Often in the course of normal dental practice, when problems are discovered and presented to the patient, the patient’s response is, “But it doesn’t hurt.”
The idea that is communicated to the dentist is either that the patient does not believe that the problem being described exists, or that even though a problem was found, it somehow does not need to be repaired because it doesn’t hurt. Many dental items fit into this category, including small or medium sized cavities, periodontal disease (which is damage to the bony structure around the teeth), broken or leaking fillings, teeth covered with plaque or calculus (tartar), or deeply worn down teeth. None of these dental problems commonly hurt, but without treatment all will unavoidably lead to nasty (and much more expensive) problems later.
Health problems that do not hurt are much more common than most of us want to think. High blood pressure doesn’t typically hurt. Most of the time, being overweight doesn’t hurt. Early on, cysts and tumours don’t usually hurt either. No one can argue that any one of these other medical problems is not a problem that needs to be looked after, but for some reason for a lot of people, if something in their mouth doesn’t hurt, it is not worthy of being treated. Just as in the rest of medicine, early diagnosis and treatment reduces how much treatment is needed and the cost of that treatment as well.
To combat the assumption that some people have that maybe the problem that has been located is not there at all, many dentists have invested in what is called an intraoral camera. This is a device that takes pictures of items in the mouth. The pictures are viewed by the patient and the dentist on a computer screen and saved in the patient’s permanent file. One or two teeth can be made to fill the entire computer screen. This allows the patient to see any problem the dentist is seeing when looking into the mouth. In a similar way, some dentists have invested in digital radiography (x rays) that can also be shown to the patient on a computer screen. Both of these devices allow the dentist to show the patient exactly what problem has been identified and where it is. So that usually covers the people who don’t believe there is a problem present. The other problem, which is that some people can identify the problem, but think there is no reason to fix it until it starts to hurt is a bit more difficult to address. Most people will understand what the expected outcome of delaying or avoiding treatment is if one of the members of the dental team explains it. For those who still don’t feel like getting a problem fixed, I don’t quite know exactly what it is, but maybe some people live so in the moment that if it doesn’t hurt, it must be tomorrow’s problem.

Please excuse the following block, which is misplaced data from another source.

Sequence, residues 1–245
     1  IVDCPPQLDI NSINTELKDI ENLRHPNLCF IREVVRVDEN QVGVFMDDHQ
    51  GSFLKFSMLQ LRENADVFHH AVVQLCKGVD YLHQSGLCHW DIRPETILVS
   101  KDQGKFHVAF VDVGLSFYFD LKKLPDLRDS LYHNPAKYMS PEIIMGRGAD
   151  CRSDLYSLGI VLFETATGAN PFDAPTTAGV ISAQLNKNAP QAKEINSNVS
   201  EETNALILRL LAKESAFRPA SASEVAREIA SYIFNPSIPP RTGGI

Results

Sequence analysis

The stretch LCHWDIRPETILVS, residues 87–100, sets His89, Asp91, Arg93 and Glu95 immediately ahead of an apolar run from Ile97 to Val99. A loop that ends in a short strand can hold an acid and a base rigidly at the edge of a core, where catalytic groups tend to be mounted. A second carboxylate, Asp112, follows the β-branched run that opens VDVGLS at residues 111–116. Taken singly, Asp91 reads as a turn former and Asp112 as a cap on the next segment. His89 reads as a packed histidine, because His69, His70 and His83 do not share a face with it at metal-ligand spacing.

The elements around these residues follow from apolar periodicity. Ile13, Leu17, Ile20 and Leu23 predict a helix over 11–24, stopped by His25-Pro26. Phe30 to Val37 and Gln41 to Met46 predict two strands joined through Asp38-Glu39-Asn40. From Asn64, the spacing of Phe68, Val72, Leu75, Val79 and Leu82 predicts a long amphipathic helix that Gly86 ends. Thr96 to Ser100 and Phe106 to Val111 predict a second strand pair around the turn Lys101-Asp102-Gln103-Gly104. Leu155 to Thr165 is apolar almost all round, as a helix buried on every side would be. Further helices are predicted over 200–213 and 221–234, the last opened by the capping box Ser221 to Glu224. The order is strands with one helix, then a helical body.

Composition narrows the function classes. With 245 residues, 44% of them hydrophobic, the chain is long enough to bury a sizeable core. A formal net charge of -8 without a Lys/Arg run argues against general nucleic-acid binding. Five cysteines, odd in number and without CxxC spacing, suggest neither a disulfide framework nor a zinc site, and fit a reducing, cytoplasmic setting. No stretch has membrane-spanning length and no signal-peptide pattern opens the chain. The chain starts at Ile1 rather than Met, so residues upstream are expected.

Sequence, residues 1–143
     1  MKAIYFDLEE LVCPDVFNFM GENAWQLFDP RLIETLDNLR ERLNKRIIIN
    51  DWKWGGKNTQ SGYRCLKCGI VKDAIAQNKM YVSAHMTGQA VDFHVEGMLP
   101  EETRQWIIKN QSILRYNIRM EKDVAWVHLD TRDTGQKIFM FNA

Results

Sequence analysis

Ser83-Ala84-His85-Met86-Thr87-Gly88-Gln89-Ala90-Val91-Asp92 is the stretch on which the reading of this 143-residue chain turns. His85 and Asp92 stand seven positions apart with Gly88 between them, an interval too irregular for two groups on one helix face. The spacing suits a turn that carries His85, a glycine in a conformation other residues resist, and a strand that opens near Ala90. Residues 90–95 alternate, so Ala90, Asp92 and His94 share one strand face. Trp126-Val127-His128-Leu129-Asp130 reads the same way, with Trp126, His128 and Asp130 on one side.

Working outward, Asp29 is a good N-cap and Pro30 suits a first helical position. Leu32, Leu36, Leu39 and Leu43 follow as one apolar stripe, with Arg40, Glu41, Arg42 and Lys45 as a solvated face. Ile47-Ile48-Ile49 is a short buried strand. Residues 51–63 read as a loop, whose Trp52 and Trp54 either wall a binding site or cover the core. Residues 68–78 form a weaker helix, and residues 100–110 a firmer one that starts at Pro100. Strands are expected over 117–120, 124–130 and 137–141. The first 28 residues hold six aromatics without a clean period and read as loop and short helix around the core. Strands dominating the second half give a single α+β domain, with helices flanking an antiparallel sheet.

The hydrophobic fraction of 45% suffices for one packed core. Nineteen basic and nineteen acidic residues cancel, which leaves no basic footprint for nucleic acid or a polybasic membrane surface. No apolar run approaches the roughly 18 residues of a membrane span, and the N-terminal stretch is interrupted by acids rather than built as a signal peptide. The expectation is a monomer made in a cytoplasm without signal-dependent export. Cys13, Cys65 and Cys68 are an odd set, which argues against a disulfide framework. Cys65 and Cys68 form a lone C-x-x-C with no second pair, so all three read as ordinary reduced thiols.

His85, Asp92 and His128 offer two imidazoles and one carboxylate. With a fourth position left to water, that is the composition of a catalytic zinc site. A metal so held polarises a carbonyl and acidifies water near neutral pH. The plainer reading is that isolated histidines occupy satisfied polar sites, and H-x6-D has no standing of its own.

I remember well having my father (who was and still is my dentist) tell me when I was a teenager that if I didn’t start flossing, there would be cavities between the teeth to fill. I figured I didn’t have any pain, and there were no cavities right then, so how could there be something to worry about? It didn’t take more than a couple of years, and the cavities one by one began to show up and have to be filled. I was in dental school and ten years older before the flossing message actually sunk in. Thankfully most people don’t have to go to dental school to start flossing, but I did. Simply put, it costs less and takes less time to take care of a problem when it is still small than it does to wait until pain starts. If you are a dental patient who only fixes something when it hurts, next time you are at the dentist’s office, you would do well to ask your dentist if there are items in your mouth that would be expected to turn into larger problems if not looked after until pain starts.
This article was written by Dr. Mike Christensen and published in the Daily Miner and News, and Enterprise. Local Kenora News Publicatons (1998-2006)